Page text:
Amazon AWS is providing this awesome free tier, which allows you to play with a micro instance for 12 months. Simply create a new account on http://aws.amazon.com/, and create a new t2.micro instance. A few things to note:
Offload network, storage and management to dedicated hardware, so CPU can be used for more important computing jobs. Thanks to the ASIC(Application-specific integrated circuit) from Annapurna Labs, a company that Amazon acquired.
Nitro Hypervisor: built on KVM, but does not include general purpose operating system components.
$ ssh -i key.pem [email protected]
key.pem is the private key generated when you spin up a box, and
xx.xx.xx.xx is the IP of your box.
Another way is to add these lines to
Host aws HostName xx.xx.xx.xx User ubuntu IdentityFile /path/to/key.pem
Next time you can do simply
$ ssh aws
If you created some storage in
Volumns tab and correctly attached it to a instance, you should see that from
lsblk(a 20G EBS is created and attached in this example):
$ lsblk NAME MAJ:MIN RM SIZE RO TYPE MOUNTPOINT xvda 202:0 0 8G 0 disk └─xvda1 202:1 0 8G 0 part / xvdb 202:16 0 20G 0 disk
$ sudo file -s /dev/xvdb /dev/xvdb: data
It is showing as
data since it is not formatted yet
$ sudo mkfs -t ext4 /dev/xvdb mke2fs 1.42.9 (4-Feb-2014) Filesystem label= OS type: Linux Block size=4096 (log=2) Fragment size=4096 (log=2) Stride=0 blocks, Stripe width=0 blocks 1310720 inodes, 5242880 blocks 262144 blocks (5.00%) reserved for the super user First data block=0 Maximum filesystem blocks=4294967296 160 block groups 32768 blocks per group, 32768 fragments per group 8192 inodes per group Superblock backups stored on blocks: 32768, 98304, 163840, 229376, 294912, 819200, 884736, 1605632, 2654208, 4096000 Allocating group tables: done Writing inode tables: done Creating journal (32768 blocks): done Writing superblocks and filesystem accounting information: done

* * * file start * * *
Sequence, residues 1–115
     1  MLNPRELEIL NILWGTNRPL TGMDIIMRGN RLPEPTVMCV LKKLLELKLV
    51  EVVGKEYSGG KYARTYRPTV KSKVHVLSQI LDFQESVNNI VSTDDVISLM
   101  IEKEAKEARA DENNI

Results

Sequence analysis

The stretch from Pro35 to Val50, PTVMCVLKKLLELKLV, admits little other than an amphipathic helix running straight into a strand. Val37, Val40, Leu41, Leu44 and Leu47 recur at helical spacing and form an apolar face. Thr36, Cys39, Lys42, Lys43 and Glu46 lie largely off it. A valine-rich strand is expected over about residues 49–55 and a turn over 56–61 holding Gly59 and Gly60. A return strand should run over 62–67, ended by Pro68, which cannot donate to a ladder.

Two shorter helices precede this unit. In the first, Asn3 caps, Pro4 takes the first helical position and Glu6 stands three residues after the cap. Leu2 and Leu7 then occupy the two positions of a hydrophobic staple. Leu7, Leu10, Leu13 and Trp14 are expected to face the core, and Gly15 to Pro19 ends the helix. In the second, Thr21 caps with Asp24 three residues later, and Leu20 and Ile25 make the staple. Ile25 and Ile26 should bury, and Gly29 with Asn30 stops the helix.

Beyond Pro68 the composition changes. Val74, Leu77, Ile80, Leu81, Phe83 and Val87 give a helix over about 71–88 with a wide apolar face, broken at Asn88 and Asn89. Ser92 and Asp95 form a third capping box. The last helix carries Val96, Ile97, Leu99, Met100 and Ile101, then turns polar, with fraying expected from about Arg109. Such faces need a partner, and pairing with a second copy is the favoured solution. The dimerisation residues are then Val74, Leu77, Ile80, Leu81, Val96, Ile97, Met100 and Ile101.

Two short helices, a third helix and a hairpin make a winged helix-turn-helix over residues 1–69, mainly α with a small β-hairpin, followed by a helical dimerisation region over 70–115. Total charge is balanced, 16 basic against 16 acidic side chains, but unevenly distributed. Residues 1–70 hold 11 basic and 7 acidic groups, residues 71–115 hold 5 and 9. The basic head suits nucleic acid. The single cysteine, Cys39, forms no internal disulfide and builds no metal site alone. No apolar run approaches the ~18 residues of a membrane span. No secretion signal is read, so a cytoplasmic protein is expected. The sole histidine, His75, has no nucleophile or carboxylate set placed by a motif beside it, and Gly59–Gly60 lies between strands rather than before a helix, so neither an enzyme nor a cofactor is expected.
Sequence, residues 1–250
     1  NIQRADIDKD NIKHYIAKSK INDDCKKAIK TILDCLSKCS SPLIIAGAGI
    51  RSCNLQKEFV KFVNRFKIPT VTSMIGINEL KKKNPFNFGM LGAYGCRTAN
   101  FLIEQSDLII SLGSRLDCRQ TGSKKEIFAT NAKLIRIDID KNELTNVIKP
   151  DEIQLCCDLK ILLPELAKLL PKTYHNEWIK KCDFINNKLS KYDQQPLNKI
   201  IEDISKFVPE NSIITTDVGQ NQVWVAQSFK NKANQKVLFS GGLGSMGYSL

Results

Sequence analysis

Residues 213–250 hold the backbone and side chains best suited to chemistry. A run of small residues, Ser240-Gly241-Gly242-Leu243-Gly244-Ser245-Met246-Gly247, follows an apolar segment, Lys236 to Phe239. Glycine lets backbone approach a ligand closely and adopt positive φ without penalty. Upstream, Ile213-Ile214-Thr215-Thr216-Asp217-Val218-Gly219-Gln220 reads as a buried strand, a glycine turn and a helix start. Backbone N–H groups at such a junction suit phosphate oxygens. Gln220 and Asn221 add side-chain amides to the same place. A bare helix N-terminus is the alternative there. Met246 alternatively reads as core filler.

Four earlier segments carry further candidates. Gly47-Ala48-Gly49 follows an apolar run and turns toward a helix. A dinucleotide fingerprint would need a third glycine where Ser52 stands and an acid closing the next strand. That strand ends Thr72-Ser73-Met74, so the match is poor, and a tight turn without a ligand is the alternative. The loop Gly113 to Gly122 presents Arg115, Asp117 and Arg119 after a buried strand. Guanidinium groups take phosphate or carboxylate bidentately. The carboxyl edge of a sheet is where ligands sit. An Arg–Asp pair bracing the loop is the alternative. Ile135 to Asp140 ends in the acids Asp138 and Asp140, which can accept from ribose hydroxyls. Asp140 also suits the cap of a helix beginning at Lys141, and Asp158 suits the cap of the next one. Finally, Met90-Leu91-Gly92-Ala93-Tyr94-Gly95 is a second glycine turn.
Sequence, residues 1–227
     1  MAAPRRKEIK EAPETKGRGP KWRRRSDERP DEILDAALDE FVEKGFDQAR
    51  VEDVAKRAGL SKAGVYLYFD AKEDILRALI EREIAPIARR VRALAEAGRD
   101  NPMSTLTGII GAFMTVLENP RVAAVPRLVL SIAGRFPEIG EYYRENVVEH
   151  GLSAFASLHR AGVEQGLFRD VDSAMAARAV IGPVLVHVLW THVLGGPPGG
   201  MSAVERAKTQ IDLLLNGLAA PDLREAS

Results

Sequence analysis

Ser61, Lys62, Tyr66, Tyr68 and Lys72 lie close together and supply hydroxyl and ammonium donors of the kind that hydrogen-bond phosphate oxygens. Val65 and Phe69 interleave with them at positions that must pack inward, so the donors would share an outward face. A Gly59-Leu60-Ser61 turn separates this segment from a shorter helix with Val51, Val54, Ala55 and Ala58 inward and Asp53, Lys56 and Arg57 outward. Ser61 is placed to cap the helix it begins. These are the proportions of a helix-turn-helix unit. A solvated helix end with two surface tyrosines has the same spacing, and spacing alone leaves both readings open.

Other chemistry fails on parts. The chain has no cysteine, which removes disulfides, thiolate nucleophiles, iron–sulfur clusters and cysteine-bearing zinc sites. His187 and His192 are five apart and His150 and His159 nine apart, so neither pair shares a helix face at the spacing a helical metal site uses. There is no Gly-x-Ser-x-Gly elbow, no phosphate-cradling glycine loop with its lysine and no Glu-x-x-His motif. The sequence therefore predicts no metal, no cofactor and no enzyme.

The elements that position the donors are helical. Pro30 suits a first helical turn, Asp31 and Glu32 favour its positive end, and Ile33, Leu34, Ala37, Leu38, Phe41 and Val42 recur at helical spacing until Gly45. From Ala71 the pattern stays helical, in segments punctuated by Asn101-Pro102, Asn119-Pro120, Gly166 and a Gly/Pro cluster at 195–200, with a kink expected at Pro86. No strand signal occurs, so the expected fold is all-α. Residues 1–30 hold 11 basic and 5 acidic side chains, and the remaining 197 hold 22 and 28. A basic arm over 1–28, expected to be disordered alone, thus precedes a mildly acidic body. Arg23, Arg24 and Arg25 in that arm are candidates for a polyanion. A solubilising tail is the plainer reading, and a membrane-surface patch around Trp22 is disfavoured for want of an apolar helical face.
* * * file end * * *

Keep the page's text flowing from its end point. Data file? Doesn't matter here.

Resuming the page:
Now check again:
$ sudo file -s /dev/xvdb /dev/xvdb: Linux rev 1.0 ext4 filesystem data, UUID=d5c0662f-fa1d-4a0f-b695-f8bac4a95879 (needs journal recovery) (extents) (large files) (huge files)
Mount it to a folder:
$ mkdir data $ sudo mount /dev/xvdb data $ df Filesystem 1K-blocks Used Available Use% Mounted on /dev/xvda1 8115168 2478228 5201664 33% / ... /dev/xvdb 20511356 44992 19401404 1% /home/ubuntu/data